There are 2 high school codes in Namibia today, according to the ACT. The full list is shown below by city, with name of each high school and the city where the school is located (based on the ACT official site). You can search a school code by pressing “Ctrl” + “F” and then type school name or 6-digit school code.
Map of Namibia
High School Codes by City
- High School Code
- High School Code
The above lists CEEB codes (College Entrance Examination Board) for all accredited Namibian high schools. Please be informed that the list of high school codes in Namibia may change throughout the year. If you can’t find codes for the high schools of your interest, please write to us or come back at a later time. We will update our database soon after a new high school code is added to the country of Namibia.
Namibia borders in the north with Angola, in the north-east with Zambia (with the Caprivi-tip ), in the east with Botswana, in the south-east and south with the Republic of South Africa.
According to ABBREVIATIONFINDER, NAM is the three-letter country code of Namibia, and NA is the two-letter country code of Namibia. The two-letter suffix is used in top-level domains on the Internet as .na.
Even after political independence, Namibia’s economy is dependent on the Republic of South Africa. With a gross national income (GNI) of (2017) US $ 4,600 per resident, Namibia is one of the middle-income developing countries, but the country’s wealth is extremely unevenly distributed. The growth of the gross domestic product (GDP) averaged 3.5% in the years before the international economic and financial crisis in 2008/09, an average of 4.8% in 2011-14 and 1.1% in 2016. The economic potential is based on the abundant raw material deposits, the rich fishing grounds and the good infrastructure; the backbone of the economy is mining (especially diamonds, uranium, zinc, gold and copper). Major obstacles to economic development include: the small domestic market, the shortage of qualified workers and, at the same time, high unemployment of around 30% (especially young people and young adults). 31.0% of the national income is generated by mining and the manufacturing industry, 6.7% by agriculture and fishing, 62.3% in the service sector (trade, banks, tourism, telecommunications,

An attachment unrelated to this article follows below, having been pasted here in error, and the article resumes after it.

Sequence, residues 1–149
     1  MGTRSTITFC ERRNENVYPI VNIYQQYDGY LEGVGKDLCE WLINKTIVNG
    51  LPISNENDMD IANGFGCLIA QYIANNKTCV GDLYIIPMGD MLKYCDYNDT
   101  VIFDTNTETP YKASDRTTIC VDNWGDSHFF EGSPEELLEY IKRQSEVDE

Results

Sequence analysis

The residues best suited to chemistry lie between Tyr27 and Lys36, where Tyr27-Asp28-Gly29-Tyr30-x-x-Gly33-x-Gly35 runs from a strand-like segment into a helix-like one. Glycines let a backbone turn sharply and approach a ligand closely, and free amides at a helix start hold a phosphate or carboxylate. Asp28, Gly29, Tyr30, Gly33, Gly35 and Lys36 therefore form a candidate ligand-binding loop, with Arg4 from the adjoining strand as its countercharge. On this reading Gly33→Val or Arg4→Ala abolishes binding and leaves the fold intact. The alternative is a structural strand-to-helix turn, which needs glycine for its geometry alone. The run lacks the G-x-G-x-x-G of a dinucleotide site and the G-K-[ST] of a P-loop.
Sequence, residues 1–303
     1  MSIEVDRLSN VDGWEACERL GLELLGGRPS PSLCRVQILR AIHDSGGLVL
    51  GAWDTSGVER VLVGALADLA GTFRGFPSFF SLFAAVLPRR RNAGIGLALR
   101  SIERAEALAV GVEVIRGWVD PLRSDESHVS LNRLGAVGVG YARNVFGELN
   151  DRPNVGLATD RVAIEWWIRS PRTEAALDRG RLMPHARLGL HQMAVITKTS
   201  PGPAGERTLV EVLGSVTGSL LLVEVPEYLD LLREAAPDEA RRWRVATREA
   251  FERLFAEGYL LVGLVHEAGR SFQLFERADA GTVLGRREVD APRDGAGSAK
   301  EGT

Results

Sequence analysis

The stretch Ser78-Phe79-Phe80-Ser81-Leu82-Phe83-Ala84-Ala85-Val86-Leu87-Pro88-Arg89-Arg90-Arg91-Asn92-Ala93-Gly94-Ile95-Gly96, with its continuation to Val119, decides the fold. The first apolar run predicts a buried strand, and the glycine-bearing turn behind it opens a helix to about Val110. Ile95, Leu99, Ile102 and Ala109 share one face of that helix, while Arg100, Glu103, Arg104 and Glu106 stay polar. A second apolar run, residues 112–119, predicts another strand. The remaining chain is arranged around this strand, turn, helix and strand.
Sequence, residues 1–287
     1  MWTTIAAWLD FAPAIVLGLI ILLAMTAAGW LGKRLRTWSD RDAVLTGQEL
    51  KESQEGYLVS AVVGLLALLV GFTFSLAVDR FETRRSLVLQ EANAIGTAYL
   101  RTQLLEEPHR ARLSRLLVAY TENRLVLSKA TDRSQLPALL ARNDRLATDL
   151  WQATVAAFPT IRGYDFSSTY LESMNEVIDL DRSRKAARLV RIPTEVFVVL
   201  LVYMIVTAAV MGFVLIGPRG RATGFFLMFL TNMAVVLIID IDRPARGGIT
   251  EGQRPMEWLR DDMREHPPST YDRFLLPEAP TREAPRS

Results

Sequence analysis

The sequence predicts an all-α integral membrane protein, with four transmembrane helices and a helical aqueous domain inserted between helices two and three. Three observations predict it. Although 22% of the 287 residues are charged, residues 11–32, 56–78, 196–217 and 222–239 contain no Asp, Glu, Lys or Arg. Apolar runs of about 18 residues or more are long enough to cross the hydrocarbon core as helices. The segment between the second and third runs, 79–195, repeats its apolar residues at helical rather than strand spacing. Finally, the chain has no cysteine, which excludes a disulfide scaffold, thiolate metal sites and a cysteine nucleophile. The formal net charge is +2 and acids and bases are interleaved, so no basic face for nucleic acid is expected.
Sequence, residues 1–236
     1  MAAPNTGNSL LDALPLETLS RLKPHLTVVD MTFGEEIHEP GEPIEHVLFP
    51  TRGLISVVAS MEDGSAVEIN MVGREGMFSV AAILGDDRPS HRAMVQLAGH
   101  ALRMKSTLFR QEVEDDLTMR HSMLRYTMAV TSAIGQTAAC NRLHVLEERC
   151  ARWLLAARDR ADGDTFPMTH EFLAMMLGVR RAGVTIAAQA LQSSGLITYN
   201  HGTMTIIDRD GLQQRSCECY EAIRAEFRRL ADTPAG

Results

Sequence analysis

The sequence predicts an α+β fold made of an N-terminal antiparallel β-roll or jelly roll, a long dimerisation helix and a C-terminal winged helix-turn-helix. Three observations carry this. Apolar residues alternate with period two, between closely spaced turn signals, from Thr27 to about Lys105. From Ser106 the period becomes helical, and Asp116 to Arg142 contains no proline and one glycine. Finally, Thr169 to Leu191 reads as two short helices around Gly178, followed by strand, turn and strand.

Foreign trade: The foreign trade balance is negative (import value 2016: 6.7 billion US $; export value: 4.8 billion US $). The most important export products are diamonds, uranium, copper, zinc and others. Mining products and fish and meat products. The main imports are motor vehicles, machines, crude oil and petroleum products, as well as food. The main trading partners are the Republic of South Africa, Switzerland, Botswana and Zambia.
Around 70% of the population are directly or indirectly dependent on agriculture. However, the land ownership is extremely unevenly distributed: the commercial farmland is mostly owned by a few large white farmers; the black majority of the population lives mainly from subsistence agriculture. Due to the climatic conditions, only a small part of the country’s area is available for arable farming. Mainly maize, millet and wheat are grown in the north of the country; The majority of grain, vegetables and fruit are imported from the Republic of South Africa. Most of the agricultural area is used for extensive livestock farming. Cattle farming dominates in the north and karakul sheep in the south. 95% of live cattle and meat products are sold to the Republic of South Africa.
Fishing: The fishing grounds of the Benguela Current off the Namibian coast are among the main fishing areas for international deep-sea fishing. Since Namibia’s coastal waters were heavily overfished in the 1980s, Namibia expanded its fishing zone to 200 nautical miles off the coast after independence. The fishery and the fishing industry generate around 4% of GDP, and the catch is 444 800 t (2014) (mainly mackerel and hake).
With over 40% of export revenues and a share of 12% of GDP, mining is the key sector of the Namibian economy. The mining of diamonds dominates, especially in the southern Namib (2.053 million carats) and uranium (2015 production: 3,473 t), especially in the Rössing mine near Swakopmund, one of the largest in the world, which opened in 1976. The Tsumeb mine in the northeast (including copper, lead, silver and zinc) is one of the richest on earth. Other mining products are vanadium, lithium, cadmium, silver and gold. Over 700,000 tons of salt are extracted annually in sea salt pans. Great hopes are placed in the development of the Kudu natural gas field off the Namibian coast, through which Namibia will largely cover its own energy needs in the future.
Industry, which employs around 14% of the workforce, is poorly developed. In addition to fish and meat processing, the production of textiles, leather goods, soap and paints dominate. Only a small part of the mineral resources (e.g. copper, lead, diamonds) is further processed in Namibia itself. The main location of the mostly small and medium-sized companies is Windhoek.